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and tanner; from embroidery in silk and gold to the coarsest preparations of flax and wooi. Most of these families were Gallic, born on that portion of territory which the king had adjudged to himself by right of conquest, or brought by violence from some neighbouring town, to colonize the royal domain. Buildings for agricultural purposes, such as stables, sheepfolds, and barns, with the hovels of the husbandmen, and the huts of the serfs, completed the royal establishment, which exactly resembled, though on a larger scale, the villages of ancient Germany. In the very site of these palaces of the Frank kings there was something which recalled the scenery beyond the Rhine ; most of them stood on the outskirts, and some in the very centre of these vast forests, since mutilated by civilization, but of which we still admire the remains. It was there that the king kept, in a secret apartment, in triplelocked chests, his treasures, consisting of gold coins, vases, and precious jewels. It was there also that he exercised his royal power. It was there that he assembled the chiefs and bishops from the towns, received ambassadors from foreign states, and presided over the great assemblies of the Franks, which were followed by those feasts, traditional among the Teutonic races, at which wild boars and deer were served up whole on spits, and staved barrels occupied the four corners of the hall. When not employed in war, the king went from one of these palaces to another, from Braine to Attigny,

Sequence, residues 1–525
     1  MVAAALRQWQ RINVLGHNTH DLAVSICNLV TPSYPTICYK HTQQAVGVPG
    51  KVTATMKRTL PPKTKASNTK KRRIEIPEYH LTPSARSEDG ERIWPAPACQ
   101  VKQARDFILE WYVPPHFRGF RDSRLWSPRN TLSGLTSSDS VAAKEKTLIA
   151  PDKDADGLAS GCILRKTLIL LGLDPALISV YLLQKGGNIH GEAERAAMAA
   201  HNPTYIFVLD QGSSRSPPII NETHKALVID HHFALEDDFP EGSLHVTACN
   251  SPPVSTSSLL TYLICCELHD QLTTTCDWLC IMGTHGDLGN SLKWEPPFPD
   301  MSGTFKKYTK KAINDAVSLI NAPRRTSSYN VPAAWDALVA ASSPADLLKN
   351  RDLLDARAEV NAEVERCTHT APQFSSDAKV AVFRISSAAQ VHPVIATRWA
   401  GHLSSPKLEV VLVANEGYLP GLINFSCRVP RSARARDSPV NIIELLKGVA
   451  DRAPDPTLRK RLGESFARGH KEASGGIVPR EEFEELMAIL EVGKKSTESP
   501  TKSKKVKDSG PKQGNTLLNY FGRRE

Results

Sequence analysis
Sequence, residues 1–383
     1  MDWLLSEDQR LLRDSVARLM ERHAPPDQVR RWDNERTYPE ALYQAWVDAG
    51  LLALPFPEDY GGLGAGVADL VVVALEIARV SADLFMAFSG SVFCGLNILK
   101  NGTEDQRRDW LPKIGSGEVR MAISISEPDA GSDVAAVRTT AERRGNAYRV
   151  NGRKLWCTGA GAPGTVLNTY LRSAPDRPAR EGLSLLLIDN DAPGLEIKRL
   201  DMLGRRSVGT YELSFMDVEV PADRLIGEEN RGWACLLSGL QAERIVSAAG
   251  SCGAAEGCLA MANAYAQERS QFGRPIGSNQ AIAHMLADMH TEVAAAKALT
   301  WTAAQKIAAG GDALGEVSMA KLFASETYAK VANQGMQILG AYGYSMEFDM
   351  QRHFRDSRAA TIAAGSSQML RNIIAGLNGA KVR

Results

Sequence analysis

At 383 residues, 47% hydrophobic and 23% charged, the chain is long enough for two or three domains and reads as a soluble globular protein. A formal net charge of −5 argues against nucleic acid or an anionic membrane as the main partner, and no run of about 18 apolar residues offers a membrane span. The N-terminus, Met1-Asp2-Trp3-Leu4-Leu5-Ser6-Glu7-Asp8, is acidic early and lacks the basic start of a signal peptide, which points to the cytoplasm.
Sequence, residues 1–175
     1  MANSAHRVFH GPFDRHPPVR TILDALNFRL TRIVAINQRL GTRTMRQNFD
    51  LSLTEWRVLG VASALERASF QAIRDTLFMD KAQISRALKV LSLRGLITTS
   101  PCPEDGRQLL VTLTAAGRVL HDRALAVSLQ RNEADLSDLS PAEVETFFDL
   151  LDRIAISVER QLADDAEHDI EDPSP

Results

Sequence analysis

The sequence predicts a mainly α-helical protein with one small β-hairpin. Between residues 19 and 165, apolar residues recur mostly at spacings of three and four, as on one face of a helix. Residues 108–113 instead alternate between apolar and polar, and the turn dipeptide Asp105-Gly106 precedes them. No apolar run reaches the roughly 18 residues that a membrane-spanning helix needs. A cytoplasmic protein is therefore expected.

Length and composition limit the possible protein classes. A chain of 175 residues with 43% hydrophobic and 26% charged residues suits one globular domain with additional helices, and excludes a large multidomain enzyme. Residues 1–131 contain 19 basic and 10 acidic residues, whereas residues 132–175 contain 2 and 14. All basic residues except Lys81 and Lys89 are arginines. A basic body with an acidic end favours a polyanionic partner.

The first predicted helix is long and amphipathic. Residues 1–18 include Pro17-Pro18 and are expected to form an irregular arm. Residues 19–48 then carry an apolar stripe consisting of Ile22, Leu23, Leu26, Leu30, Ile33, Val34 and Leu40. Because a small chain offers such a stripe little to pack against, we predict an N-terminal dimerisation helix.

from Attigny to Compiegne, from Compiegne to Verberie, consuming all the provisions he found ; hunting, swimming, or fishing, with his followers." In these abodes of rude and barbarous magnificence dwelt the Frank kings. Had Charlemagne seen nothing better, he would, doubtless, have remained contented with these, as his ancestors had done for so many generations; but he visited Italy, and the ruins of ancient Rome, magnificent even in decay, could not but excite the monarch's admiration. He gazed with wonder at the mighty works reared by these old masters o the world—bridges, aqueducts, villas, basilicas, military entrenchments the products and homes of military power, patrician luxury, and commercial enterprise ; and he determined to erect such upon the soil of France. Of the palaces which he built in imitation of those he had admired in Italy, two are specially mentioned, as distinguished by unusual beauty, those at Ingleheim and Aix la Chapelle. The latter of these, from its extent and splendour, was popularly styled Little Rome. For its erection, he obtained from the pope a grant of such marbles and mosaics as he needed from the ancient palaces and basilicas of Rome and Ravenna. Were the fact less adequately attested, we might have doubted whether even the energy of Charlemagne could have succeeded in conveying these massive blocks and columns with their delicate carving and tracery to so great a distance. Little did

the Roman emperors and patricians suppose, when they reared these stately domes, that at some future day, they would only afford quarries whence the descendants of those rude chiefs, whom their legions were employed in quelling, would draw materials for erecting palaces, amidst what was then the primeval forest on the banks of the Rhine.

The palaces which he thus erected and adorned, Charlemagne surrounded with farms, gardens, and vineyards, which were cultivated under his special superintendence, It is said that he stocked them with exotic plants, and strange animals, either collected by himself or sent to him by foreign potentates, and that he was careful to introduce into them all those better modes of agriculture which he observed elsewhere.*